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Hiker from China rescued after getting lost in Hawaii Volcanoes National Park

By Star-Advertiser staff

LAST UPDATED: 07:18 a.m. HST, Aug 24, 2013

Hawaii Volcanoes National Park rangers and a helicopter pilot on Friday rescued a 76-year-old Chinese visitor who got lost while hiking Thursday.

Park officials said Zigui Yuan, 76, was found at daybreak after being reported missing by his wife at 8 p.m. Thursday.

Yuan became lost near Pu'u Huluhulu cinder cone, where there is little or no cell phone reception, they said. His wife told rangers that the couple and a female friend had been hiking Thursday morning when he separated from the women at the Pu'u Huluhulu trailhead.

When he didn’t return, the women reported him missing to a park ranger at Thurston Lava Tube.

Park rangers searched for him until 1 a.m. and resumed the search at daybreak with the help of helicopter pilot David Okita who spotted Yuan about 660 feet southwest of Pu'u Huluhulu, officials said.

Yuan was cold, dehydrated, and exhausted, but had no major injuries, and declined medical treatment, officials said. He was reunited with his wife at 6:30 a.m., they said.

He told rescuers that after becoming lost, he took shelter against the wind in a small depression in the old lava flows, and waited for daylight. Temperatures in the park regularly plunge into the 50s.

"Mr. Yuan made the right decision to hunker down for the night," said ranger John Broward, search and rescue coordinator at the park. "This area is riddled with unstable ground, hidden earth cracks, deep craters, and sharp and brittle lava. He could have been seriously injured if he continued trying to find his way out in the dark."

This was the 14th search and rescue incident in the park this year, compared to 26 incidents for all of last year.

Park officials said hiking tips and other safety information is available at www.nps.gov/havo, or by asking rangers.

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Pocho wrote:
LOSE MONEY! Crazy tourists hiking in volcanic areas
on August 23,2013 | 04:30PM
Carang_da_buggahz wrote:
Lighten up, Pocho. Just as many, if not more, locals get in trouble while hiking throughout the state. Of COURSE tourists are going to want to get out and hike while they are here. What would you have them do, spend their whole vacation cooped up in a hotel room? Cut them a little slack. Your comments are very mean spirited towards people who are the lifeblood of our economy. Here's some advice: Don't even think of becoming a tour guide.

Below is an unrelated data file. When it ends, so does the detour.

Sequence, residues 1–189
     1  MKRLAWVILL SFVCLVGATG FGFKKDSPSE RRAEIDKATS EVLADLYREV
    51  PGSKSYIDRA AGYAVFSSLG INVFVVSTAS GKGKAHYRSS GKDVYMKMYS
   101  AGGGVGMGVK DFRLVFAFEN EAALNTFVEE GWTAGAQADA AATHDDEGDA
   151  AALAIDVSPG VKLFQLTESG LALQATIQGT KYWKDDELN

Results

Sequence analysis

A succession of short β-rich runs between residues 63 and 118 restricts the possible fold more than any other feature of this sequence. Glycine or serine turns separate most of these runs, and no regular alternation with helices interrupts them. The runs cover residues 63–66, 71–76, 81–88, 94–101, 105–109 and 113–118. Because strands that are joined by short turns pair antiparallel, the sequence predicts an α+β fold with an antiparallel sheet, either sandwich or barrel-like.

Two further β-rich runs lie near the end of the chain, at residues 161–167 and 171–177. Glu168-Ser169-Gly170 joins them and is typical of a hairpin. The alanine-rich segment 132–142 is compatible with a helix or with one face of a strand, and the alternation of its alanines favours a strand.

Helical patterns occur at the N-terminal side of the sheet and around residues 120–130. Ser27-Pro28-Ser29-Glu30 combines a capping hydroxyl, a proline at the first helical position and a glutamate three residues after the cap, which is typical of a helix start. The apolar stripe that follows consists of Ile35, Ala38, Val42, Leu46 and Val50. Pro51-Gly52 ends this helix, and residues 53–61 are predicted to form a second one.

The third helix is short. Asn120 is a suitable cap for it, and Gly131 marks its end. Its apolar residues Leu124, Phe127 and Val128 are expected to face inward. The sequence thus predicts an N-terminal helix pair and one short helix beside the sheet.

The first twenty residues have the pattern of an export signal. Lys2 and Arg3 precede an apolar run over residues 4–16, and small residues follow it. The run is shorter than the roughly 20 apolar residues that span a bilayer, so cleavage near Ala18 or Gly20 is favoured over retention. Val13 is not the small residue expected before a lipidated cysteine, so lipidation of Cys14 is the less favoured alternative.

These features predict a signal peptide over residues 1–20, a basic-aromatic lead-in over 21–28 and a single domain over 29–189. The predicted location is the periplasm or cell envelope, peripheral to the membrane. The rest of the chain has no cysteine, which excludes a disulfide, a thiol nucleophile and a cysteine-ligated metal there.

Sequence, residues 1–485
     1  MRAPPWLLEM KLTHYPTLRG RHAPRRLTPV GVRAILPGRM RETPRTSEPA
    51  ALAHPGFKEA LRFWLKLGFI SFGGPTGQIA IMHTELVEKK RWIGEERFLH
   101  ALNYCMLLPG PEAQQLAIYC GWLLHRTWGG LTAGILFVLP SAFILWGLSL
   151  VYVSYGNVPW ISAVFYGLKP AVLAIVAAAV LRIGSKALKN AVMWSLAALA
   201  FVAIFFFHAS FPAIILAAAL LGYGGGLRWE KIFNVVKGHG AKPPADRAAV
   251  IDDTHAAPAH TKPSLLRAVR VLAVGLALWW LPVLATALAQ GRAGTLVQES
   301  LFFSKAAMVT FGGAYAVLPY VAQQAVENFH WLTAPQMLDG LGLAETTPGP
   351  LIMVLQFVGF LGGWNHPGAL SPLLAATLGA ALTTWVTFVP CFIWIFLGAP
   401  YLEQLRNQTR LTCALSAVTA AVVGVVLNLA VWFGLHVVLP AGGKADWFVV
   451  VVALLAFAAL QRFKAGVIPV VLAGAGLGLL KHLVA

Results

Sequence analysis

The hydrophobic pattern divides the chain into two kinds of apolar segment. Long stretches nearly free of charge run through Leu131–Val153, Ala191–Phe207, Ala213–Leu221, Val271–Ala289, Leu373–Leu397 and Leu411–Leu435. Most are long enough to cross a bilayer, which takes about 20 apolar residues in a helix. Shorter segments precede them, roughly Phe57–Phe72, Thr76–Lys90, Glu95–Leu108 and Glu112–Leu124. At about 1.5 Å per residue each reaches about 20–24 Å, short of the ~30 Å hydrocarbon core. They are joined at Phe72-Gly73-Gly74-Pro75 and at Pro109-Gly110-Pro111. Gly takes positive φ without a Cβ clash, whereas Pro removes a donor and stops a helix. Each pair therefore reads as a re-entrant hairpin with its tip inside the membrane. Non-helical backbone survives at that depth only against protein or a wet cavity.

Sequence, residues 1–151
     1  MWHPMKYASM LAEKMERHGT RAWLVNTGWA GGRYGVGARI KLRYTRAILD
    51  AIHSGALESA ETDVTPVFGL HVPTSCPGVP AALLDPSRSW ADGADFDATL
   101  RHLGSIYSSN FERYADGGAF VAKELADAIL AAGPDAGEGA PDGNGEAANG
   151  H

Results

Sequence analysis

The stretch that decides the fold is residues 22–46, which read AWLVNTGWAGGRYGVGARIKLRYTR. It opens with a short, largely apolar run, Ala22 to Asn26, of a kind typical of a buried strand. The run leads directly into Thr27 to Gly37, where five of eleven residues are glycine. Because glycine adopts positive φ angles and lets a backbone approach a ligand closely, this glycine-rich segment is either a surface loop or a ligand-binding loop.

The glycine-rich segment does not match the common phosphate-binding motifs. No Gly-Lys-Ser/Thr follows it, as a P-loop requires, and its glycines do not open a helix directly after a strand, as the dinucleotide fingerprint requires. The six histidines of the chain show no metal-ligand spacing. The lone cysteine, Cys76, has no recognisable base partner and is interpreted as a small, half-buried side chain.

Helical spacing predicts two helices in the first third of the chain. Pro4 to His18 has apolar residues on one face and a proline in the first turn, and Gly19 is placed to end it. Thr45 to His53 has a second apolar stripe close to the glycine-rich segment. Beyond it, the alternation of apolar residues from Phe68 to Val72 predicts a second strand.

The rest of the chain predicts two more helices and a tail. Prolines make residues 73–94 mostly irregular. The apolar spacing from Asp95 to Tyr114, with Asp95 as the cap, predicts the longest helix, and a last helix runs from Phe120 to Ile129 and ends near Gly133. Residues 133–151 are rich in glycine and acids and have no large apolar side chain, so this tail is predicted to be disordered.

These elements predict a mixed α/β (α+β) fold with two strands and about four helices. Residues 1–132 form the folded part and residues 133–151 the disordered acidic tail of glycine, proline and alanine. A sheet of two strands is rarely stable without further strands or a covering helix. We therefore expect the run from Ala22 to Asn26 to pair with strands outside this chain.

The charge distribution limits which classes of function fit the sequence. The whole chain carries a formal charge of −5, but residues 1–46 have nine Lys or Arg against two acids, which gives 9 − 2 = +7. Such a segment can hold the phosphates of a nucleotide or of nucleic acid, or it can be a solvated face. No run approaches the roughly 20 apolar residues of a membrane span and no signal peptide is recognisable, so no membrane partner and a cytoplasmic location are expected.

on August 23,2013 | 06:13PM
livinginhawaii wrote:
Actually I have observed very few "locals" requiring a rescue. If you follow these stories closely the majority of these individuals are irresponsible reckless transplants from the mainland.
on August 24,2013 | 09:19AM
cojef wrote:
Travel agencies should advice clients never to venture alone into remote areas by themselves as there are many unseen dangers. Even islanders get lost or are injured as many of the trails are hazardous and unmarked. Same goes with swimming at unknown beaches. Even experienced hikers get lost without adequate preparations.
on August 24,2013 | 09:52AM
livinginhawaii wrote:
Again its reckless and irresponsible to leave someone behind without someone who is experienced on the trail when hiking in a group.
on August 23,2013 | 05:13PM
paniolo wrote:
Stay with your group. This is what happens when you go off on your own.
on August 23,2013 | 08:24PM
tutulois wrote:
I'm glad this one came out well. But with the increase in Chinese tourists, and incidents like this, the state, tour companies, and airlines need to do a better job communicating the dangers of hiking, ocean activities, etc. Seems like common sense, but in many cases there's a language barrier. And also, people on vacation -- no matter where they are from - often seem to think they are free to do anything. They need to be reminded to use their common sense.
on August 24,2013 | 09:01AM
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